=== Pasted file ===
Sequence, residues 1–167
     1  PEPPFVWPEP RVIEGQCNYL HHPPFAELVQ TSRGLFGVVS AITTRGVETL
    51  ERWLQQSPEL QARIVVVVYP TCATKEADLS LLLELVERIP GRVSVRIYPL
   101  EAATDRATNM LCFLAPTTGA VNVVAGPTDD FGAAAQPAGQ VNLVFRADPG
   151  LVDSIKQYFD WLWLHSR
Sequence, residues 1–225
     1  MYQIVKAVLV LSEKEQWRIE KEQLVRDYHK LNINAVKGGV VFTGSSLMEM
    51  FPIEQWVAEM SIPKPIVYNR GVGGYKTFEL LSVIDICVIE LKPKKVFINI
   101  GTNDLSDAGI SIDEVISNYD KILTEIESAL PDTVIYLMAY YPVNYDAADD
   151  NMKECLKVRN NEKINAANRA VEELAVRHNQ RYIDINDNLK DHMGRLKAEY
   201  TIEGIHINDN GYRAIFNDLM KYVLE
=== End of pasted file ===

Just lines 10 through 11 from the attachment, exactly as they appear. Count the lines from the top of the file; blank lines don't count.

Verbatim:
   151  NMKECLKVRN NEKINAANRA VEELAVRHNQ RYIDINDNLK DHMGRLKAEY
   201  TIEGIHINDN GYRAIFNDLM KYVLE